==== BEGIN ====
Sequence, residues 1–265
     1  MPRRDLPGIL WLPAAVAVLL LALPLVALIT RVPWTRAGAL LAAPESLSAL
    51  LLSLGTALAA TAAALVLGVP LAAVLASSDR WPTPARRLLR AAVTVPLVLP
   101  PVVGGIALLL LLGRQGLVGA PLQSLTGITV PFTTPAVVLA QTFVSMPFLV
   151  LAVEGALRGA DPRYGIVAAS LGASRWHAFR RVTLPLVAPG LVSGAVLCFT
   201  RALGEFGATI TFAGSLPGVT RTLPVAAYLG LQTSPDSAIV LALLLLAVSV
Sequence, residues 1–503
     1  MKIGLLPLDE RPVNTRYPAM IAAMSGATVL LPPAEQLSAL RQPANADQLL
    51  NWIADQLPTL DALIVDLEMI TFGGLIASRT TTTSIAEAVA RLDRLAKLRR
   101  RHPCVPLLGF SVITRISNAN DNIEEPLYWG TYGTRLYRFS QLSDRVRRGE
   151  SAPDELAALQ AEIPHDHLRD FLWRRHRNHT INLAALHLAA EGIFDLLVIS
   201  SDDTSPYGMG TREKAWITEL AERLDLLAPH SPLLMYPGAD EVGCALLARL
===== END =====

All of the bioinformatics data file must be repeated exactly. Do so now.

Sequence, residues 1–265
     1  MPRRDLPGIL WLPAAVAVLL LALPLVALIT RVPWTRAGAL LAAPESLSAL
    51  LLSLGTALAA TAAALVLGVP LAAVLASSDR WPTPARRLLR AAVTVPLVLP
   101  PVVGGIALLL LLGRQGLVGA PLQSLTGITV PFTTPAVVLA QTFVSMPFLV
   151  LAVEGALRGA DPRYGIVAAS LGASRWHAFR RVTLPLVAPG LVSGAVLCFT
   201  RALGEFGATI TFAGSLPGVT RTLPVAAYLG LQTSPDSAIV LALLLLAVSV
Sequence, residues 1–503
     1  MKIGLLPLDE RPVNTRYPAM IAAMSGATVL LPPAEQLSAL RQPANADQLL
    51  NWIADQLPTL DALIVDLEMI TFGGLIASRT TTTSIAEAVA RLDRLAKLRR
   101  RHPCVPLLGF SVITRISNAN DNIEEPLYWG TYGTRLYRFS QLSDRVRRGE
   151  SAPDELAALQ AEIPHDHLRD FLWRRHRNHT INLAALHLAA EGIFDLLVIS
   201  SDDTSPYGMG TREKAWITEL AERLDLLAPH SPLLMYPGAD EVGCALLARL